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So ... how do you interact with youth who quit the BSA vs. youth of the same age who are members?

I would say - Hi, how are you? How are your parents? Your brothers/sisters? Say hi to your parents from me. Bye!

 

The only thing that I might do differently with a member of my BSA unit would be to add - Looking forward to seeing you at the upcoming XYZ activity!

 

What changes in terms of your expectations? What stays the same?

Why would I have any expectations at all for a youth who was not related to me? Beyond the normal, basic good manners that is?

 

If you are a child's leader in any youth organization, I can see having certain - SPECIFIC - expectations - WITHIN that program. Outside of that program is another thing altogether. Also, why would I have any expectation that someone who is NOT a member of the youth organization would follow that organization's rules?

 

That said, as I stated, I DO expect everyone I run into - anywhere - to behave with basic good manners.

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So is this kid getting into trouble and you want to reach out to him to set him on the right path, or are you nursing hurt feelings that he didn't want to be in Scouting anymore despite all of the effort you put into making it a great program?

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I see quite a lot of former scouts simply because I live pretty close to our HQ and we draw from quite a compact area. I don't think I have any particular expectations from them. I'm always happy to stop for a chat, they vary in their response. Some are delighted to see me and will stand a talk for hours if you let them. Some prefer the acknowledging nod and smile. Some are old enough, particularly from my cub days which I did for many years, to buy me a beer and chew the fat over some memories. I've had a couple of girls running screaming up to me and throw their arms round me. I've had one or two ignore me or fail to recognise me altogether. It takes all sorts!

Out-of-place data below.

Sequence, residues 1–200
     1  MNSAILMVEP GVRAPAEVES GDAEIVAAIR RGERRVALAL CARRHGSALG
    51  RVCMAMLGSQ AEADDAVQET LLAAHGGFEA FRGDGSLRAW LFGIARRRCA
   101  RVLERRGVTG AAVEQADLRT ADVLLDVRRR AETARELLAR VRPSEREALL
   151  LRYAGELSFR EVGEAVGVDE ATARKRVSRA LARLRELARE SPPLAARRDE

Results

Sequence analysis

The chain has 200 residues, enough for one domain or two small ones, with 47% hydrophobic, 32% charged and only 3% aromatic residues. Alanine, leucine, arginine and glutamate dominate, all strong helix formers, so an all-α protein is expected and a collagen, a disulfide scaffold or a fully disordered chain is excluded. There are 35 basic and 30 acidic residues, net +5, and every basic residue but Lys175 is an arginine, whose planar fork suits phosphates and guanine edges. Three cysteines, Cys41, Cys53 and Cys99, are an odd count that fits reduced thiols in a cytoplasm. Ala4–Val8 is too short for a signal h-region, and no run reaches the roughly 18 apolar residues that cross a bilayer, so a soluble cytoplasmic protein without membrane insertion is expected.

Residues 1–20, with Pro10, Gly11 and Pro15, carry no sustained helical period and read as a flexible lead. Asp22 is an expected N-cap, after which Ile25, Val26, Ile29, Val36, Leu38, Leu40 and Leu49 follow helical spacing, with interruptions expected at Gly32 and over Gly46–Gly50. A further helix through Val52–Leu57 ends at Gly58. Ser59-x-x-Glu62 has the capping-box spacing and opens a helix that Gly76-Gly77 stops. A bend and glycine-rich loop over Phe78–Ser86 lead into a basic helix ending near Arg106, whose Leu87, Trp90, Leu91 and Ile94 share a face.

As it happens on Friday I ended up being present when one happened to be passing and fell of her bike and hit her head rather badly. Skip to the rescue! She was actually concussed and needed a trip to hospital. Barely recognised me in the state she was in. Had a lovely phone call from her the next day though to say thank you.

 

But in conclusion, I have no particular expectation but I am glad to say the majority of contact has been very positive!

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So is this kid getting into trouble and you want to reach out to him to set him on the right path' date=' or are you nursing hurt feelings that he didn't want to be in Scouting anymore despite all of the effort you put into making it a great program?[/quote']

 

None, or any, or all of those might apply. Depends on the person. Then again, same thing(s) may be going on with youth who didn't leave Scouting, so these subcategories are pointless.